For examining the lipid-lowering drug effect on purified particles, the VLDL and LDL particles were individually incubated with ezetimibe, lovastatin, simvastatin, and niacin. As a result, compared to control experiments without the drug, the drug effect observed on VLDL particles formation was higher in ezetimibe, simvastatin, lovastatin, and niacin. The LDL particles incubated with the drugs showed a major single fraction and the drug-induced effect on particles formation was higher in ezetimibe, simvastatin, lovastatin, and niacin, Figure 6.
Variations of the Lipid-lowering Drug Effects in Altering the Distribution of Cholesterol Particles in Serum Samples:
The preceding experiments were performed in the buffer solution with purified lipoproteins for evaluating the drug effect. Hence, in the next step, the effectiveness of lipid-lowering drugs on cholesterol particles formation was examined using 50 serum samples collected from 25 subjects with dyslipidemia and 25 age-matched normal subjects. The drug response in each serum sample was measured based on changes in the profile of cholesterol particles formation in the presence and absence of drugs. In the plaque array assay, each serum sample was screened against ezetimibe, lovastatin, simvastatin, and niacin drugs. The results revealed disparity among these drugs in modulating the distribution of VLDL, LDL, and HDL particles in serum samples, particularly their effect on reducing LDL and increasing HDL cholesterol particles formation. Three representatives of dyslipidemia serum samples exhibiting unique responses to the lipid-lowering drugs are shown in Figure 7.
Identification of the Drug Effect on Modulating Morphology of Serum Derived LDL and HDL Cholesterol Particles:
The phenotype analysis of serum-derived cholesterol particles revealed the presence of both linear strands and globular shaped VLDL, LDL, and HDL subpopulations, thus confirming a similar morphology identified in the experiments performed both in the buffer and with purified lipoprotein particles as shown in Figure 8. However, the distribution of the globular and linear shaped cholesterol particles subpopulations widely varied among dyslipidemia and age-matched normal subjects. Notably, the control assays performed without the drugs showed differences in the distribution of linear strand shaped LDL cholesterol particles between dyslipidemia (mean of 2.0%) and age-matched normal (mean of 1.3%) serum samples. Similarly, an increased level of linear strand shaped HDL cholesterol particles was observed in dyslipidemia samples (mean of 18.3%) compared to the age-matched (mean of 11.1%) serum samples. In correlation, the assays performed in the presence of drugs in dyslipidemia serum samples showed a significant reduction in linear shaped HDL cholesterol particles formation for simvastatin (mean of 8.3%), ezetimibe (mean of 11.5%), lovastatin (mean of 11.7%), and no reduction for niacin (mean of 18.3%). In addition, a decrease in the formation of linear shaped LDL cholesterol particles was observed in dyslipidemia serum samples when incubated with the drugs displayed in Table 1.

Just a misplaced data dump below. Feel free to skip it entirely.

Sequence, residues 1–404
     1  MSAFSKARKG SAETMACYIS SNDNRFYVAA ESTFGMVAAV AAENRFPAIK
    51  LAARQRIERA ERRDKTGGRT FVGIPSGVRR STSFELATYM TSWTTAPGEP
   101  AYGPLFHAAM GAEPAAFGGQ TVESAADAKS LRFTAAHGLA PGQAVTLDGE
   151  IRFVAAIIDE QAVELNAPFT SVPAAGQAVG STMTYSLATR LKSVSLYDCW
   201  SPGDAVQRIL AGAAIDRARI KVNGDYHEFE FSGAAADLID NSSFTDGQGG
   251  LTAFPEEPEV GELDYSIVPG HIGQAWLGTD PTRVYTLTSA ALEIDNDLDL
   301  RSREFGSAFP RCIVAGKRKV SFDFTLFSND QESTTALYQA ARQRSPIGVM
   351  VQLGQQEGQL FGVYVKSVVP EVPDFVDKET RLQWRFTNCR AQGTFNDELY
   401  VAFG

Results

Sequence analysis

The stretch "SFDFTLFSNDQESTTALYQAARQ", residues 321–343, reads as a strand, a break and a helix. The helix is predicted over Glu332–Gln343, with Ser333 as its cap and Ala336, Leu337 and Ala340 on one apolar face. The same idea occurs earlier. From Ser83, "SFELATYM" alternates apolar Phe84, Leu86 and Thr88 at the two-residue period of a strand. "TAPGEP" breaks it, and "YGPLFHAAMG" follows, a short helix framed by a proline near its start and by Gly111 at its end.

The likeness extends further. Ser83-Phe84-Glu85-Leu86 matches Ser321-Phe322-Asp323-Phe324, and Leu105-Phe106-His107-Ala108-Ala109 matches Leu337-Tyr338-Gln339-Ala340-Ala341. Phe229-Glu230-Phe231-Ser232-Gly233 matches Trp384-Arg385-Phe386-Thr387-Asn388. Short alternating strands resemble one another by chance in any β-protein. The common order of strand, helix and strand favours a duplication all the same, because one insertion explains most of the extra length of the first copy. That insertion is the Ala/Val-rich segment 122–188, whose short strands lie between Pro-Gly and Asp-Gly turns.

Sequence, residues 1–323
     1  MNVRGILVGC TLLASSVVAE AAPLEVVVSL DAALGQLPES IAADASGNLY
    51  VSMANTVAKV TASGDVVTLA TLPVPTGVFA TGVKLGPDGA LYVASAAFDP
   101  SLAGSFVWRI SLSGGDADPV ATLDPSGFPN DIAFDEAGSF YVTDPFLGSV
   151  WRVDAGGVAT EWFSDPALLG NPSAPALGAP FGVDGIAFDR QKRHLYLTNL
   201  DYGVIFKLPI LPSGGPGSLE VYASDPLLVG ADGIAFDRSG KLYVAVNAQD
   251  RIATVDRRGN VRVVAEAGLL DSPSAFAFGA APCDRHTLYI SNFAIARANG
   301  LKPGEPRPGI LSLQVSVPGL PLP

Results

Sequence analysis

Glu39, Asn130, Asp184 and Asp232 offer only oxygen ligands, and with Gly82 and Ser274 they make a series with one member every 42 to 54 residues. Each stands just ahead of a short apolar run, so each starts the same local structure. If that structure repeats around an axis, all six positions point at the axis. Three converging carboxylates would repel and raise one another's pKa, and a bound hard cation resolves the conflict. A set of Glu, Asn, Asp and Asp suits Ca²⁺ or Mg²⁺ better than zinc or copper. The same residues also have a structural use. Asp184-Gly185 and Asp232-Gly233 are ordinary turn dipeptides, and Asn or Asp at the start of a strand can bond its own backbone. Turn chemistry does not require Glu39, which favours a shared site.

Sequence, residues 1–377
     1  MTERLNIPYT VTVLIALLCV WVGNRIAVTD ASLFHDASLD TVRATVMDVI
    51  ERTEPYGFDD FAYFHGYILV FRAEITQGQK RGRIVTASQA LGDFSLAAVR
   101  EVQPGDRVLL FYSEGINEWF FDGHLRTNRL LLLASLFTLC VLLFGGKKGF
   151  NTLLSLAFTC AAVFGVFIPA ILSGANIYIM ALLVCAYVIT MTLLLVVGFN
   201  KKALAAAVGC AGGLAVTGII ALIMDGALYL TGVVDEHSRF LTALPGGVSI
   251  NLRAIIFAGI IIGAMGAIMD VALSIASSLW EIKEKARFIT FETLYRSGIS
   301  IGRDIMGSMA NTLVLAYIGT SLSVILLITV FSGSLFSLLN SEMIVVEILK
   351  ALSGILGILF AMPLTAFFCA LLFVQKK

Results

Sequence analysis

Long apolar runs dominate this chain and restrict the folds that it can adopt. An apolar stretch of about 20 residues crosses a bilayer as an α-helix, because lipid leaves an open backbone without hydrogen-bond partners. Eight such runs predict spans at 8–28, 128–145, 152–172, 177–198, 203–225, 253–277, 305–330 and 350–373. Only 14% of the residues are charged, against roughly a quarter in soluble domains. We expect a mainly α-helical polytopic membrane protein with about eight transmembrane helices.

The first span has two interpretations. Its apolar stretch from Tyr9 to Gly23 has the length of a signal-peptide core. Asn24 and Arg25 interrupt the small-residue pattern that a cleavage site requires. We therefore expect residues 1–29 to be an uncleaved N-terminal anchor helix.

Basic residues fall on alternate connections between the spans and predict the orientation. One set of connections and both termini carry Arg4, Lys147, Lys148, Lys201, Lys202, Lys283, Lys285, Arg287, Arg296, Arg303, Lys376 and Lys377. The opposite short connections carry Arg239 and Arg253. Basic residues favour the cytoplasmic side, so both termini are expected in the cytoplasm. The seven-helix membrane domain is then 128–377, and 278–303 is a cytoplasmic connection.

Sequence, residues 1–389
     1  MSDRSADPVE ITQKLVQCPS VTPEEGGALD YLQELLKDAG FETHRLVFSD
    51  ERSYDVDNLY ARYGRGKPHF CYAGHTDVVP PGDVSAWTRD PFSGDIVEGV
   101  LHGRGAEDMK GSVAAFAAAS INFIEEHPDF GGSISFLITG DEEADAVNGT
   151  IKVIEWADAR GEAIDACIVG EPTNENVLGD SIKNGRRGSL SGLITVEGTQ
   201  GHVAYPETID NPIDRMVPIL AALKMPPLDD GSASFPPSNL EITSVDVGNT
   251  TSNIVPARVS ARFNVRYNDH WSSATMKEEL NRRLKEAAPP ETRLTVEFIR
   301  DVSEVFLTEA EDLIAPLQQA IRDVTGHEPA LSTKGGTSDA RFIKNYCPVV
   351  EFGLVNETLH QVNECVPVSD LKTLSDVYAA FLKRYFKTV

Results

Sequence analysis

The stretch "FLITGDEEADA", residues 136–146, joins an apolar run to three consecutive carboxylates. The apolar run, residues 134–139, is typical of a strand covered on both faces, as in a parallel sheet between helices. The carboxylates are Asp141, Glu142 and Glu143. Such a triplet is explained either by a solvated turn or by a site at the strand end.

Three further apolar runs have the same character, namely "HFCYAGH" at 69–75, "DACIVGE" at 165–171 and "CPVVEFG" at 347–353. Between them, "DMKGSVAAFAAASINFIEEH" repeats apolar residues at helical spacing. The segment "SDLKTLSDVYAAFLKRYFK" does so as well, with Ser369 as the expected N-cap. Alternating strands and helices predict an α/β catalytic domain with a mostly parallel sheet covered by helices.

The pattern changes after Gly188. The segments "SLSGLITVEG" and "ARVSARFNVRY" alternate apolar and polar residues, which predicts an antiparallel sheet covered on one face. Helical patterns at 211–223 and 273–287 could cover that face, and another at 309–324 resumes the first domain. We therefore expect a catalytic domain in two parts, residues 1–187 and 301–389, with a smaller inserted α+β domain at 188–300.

Furthermore, the assays performed in the presence of drugs in age-matched control serum samples showed significant reduction in the linear shaped HDL cholesterol particles in simvastatin (mean of 5.0%), ezetimibe (mean 8.2%), lovastatin (mean 8.7%), and niacin (mean 10.8%) as shown in Table 2. Both dyslipidemia and age-matched normal serum samples exhibiting drug-induced reduction in the linear shaped LDL and HDL cholesterol particles showed a relative increase in globular shaped cholesterol particles (data not shown).
Figure 1: Diagram illustrating the process of in vitro visualization of cholesterol particles morphology. (a, b) The addition of lipid-lowering drug in buffer or serum samples. (c) The addition of fluorescence-labeled soluble cholesterol aggregates to the samples. (d) Acquiring the resulting samples for morphological analysis of insoluble cholesterol particles using imaging flow cytometry. Scale bars = 10 µm. Please click here to view a larger version of this figure.